Infant With Red Swollen Index Finger

March 31, 2003

A 12-month-old infant is brought to your office for evaluation of ared, swollen left index finger, which her parents first noted the prior evening.The mother denies any known trauma or recent illness. She tells you that theinfant is slightly fussy and is not taking her bottle as well as usual.

THE CASE: A 12-month-old infant is brought to your office for evaluation of a red, swollen left index finger, which her parents first noted the prior evening. The mother denies any known trauma or recent illness. She tells you that the infant is slightly fussy and is not taking her bottle as well as usual. What are your concerns as you inspect this infant’s hand?

•Paronychia
•Herpetic whitlow
•Cellulitis
•Felon

(Answer and discussion begin on next page.)



DISCUSSION:
This infant has herpetic whitlow. The infection was first described by Adamson in 1909; in 1959, it was first reported to be an occupational risk among health care workers. Often misdiagnosed as a bacterial infection, herpetic whitlow is caused by herpes simplex virus 1 (HSV-1) in approximately 60% of cases and by herpes simplex virus 2 (HSV-2) in the remaining 40%. Children are usually affected by HSV-1. Autoinoculation occurs from primary oropharyngeal lesions as a result of thumb or finger sucking in patients with herpetic gingivostomatitis or herpes labialis. In adults, herpetic whitlow usually is caused by HSV-2 secondary to autoinoculation from genital herpes.

Physical examination usually reveals 1- to 3-mm grouped vesicular lesions or ulcers with surrounding erythema of the terminal phalanx (Figure 1). The digit is often swollen and tender to palpation. Tingling or burning of the affected digit may be an initial complaint. Vesicular fluid may be hemorrhagic or cloudy, although it is usually clear. Epitrochlear and axillary nodes may be present and lymphangitic streaking (see Figure 1) can be present. Examination of the oral cavity (Figure 2) or genital region often reveals concurrent herpetic lesions

Diagnostic tests and therapy. Although the diagnosis is usually based on clinical examination and history, a variety of laboratory tests are available for definitive diagnostic testing. These include viral cultures, the Tzanck test, serum antibody titers, and fluorescent antibody testing.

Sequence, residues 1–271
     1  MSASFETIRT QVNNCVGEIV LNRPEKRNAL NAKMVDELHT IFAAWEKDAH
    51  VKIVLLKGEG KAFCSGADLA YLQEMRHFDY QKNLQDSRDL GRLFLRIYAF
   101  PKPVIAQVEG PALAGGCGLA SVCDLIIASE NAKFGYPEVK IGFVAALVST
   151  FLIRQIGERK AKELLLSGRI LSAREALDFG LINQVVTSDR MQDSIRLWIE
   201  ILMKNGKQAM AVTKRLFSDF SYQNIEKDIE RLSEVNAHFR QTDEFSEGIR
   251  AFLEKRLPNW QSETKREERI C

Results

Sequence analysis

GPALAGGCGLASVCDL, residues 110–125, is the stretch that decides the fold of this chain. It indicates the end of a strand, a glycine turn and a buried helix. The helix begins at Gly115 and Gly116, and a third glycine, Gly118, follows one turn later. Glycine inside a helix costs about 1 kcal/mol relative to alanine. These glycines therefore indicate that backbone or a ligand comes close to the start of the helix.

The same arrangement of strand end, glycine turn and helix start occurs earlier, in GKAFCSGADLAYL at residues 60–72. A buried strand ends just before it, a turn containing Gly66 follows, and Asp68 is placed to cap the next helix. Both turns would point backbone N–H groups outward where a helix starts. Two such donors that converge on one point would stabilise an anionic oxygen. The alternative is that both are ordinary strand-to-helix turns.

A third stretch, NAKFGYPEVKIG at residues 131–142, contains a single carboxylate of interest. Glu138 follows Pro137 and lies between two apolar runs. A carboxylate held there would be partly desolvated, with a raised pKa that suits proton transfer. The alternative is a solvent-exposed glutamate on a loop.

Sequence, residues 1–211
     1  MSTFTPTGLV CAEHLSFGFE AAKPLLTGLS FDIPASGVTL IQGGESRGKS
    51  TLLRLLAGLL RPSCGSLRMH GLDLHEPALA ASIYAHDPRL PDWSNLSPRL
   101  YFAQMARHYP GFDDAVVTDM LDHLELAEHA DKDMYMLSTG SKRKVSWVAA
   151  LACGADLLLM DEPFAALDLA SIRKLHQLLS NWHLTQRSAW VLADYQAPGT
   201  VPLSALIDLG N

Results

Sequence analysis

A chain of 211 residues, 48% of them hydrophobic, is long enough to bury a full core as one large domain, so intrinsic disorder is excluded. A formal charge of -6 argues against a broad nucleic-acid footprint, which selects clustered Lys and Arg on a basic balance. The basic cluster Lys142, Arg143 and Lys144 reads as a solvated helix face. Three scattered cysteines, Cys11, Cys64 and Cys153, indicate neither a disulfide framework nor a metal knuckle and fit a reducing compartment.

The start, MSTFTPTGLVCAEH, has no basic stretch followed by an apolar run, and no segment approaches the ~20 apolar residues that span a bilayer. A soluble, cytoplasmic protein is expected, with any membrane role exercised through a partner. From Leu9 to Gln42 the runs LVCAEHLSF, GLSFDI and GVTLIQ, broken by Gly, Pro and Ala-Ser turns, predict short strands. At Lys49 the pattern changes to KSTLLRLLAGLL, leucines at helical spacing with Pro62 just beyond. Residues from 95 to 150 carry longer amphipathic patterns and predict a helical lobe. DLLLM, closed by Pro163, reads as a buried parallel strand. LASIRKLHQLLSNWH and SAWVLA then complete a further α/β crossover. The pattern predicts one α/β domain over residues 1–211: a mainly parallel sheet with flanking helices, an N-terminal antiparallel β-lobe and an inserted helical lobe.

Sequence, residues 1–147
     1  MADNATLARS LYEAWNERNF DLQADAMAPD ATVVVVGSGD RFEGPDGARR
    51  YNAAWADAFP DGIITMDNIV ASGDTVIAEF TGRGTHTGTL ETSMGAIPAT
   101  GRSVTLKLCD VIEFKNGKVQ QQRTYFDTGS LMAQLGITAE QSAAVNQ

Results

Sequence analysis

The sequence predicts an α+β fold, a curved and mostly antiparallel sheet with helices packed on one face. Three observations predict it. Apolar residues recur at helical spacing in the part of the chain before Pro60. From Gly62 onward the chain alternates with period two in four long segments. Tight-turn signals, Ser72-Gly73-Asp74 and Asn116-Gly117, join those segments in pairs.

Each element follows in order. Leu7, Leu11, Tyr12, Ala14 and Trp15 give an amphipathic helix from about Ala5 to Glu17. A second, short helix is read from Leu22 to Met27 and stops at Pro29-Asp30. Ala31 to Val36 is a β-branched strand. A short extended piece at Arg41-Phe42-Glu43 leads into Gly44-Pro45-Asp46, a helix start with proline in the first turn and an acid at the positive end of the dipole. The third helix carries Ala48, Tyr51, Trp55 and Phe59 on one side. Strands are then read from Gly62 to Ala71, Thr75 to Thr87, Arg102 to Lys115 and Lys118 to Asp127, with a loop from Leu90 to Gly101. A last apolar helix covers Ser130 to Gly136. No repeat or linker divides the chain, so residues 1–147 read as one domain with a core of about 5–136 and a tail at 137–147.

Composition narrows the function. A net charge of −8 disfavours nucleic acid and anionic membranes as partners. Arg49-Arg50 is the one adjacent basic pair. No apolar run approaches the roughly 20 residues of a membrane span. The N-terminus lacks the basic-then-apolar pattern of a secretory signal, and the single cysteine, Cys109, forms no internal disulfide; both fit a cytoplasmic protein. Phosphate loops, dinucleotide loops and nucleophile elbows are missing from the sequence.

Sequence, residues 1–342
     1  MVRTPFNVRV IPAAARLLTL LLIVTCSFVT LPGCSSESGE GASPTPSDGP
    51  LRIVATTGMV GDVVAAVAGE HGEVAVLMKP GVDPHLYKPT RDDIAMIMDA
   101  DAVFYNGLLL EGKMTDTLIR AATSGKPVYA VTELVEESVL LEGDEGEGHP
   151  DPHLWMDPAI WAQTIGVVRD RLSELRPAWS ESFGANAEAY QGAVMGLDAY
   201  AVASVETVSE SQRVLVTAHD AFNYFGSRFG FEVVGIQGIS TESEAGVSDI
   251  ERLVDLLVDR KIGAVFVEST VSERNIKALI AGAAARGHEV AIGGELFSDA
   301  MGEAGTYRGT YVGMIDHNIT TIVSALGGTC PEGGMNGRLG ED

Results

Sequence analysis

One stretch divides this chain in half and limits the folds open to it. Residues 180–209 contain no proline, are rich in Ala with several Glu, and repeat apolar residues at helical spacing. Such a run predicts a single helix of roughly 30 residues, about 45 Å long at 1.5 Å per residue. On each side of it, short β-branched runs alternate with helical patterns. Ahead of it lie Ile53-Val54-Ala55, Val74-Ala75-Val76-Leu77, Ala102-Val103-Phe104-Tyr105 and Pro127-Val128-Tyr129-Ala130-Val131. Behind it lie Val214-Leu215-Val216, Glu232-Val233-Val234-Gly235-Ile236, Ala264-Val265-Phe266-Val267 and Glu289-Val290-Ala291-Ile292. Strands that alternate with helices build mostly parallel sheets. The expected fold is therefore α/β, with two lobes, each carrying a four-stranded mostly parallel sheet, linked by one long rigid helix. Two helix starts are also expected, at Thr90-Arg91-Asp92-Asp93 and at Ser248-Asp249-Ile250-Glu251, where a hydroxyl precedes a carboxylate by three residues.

Because herpetic whitlow is selflimited, treatment is directed toward symptomatic relief. Topical acyclovir may be beneficial in primary infections, and may reduce the duration of symptoms, which usually last 10 to 14 days. Patients endure less discomfort and resolution of symptoms is hastened if treatment is initiated within 48 hours of symptom onset. Early therapy may also reduce the duration of viral shedding, which typically lasts several days. Oral acyclovir may prevent recurrences if therapy is initiated during the prodrome phase.

Treat bacterial superinfection with antibiotics. Recurrences may occur in 20% to 50% of those affected. A felon involves the pulp space of the terminal phalanx and is usually tender, erythematous, and swollen. Vesicular lesions are not part of this disease process.

Herpetic whitlow is frequently confused with paronychia, which is often initially treated with surgical incision. This intervention may lead to delayed resolution, bacterial infection, or systemic spread and complications.

Cellulitis may be a complication of bacterial superinfection in a patient with herpetic whitlow. The history and physical examination should help delineate the cause of the underlying disease process.

References:

FOR MORE INFORMATION:



•Cockerell C. Diagnosis and treatment of cutaneous HSV infections.

West J Med.

1996; 164:518-520.

•Klotz RW. Herpetic whitlow: an occupational hazard.

AANA J.

1990;58:8-13.

•Kohl S. Herpes simplex virus. In: Feigin RD, Cherry JD, eds.

Textbook of Pediatric Infectious Diseases.

4th ed. Philadelphia: WB Saunders Co; 1998:1703-1731.

•Weisman E, Troncale JA: Herpetic whitlow: a case report.

J Fam Prac.

1991;33:516, 520.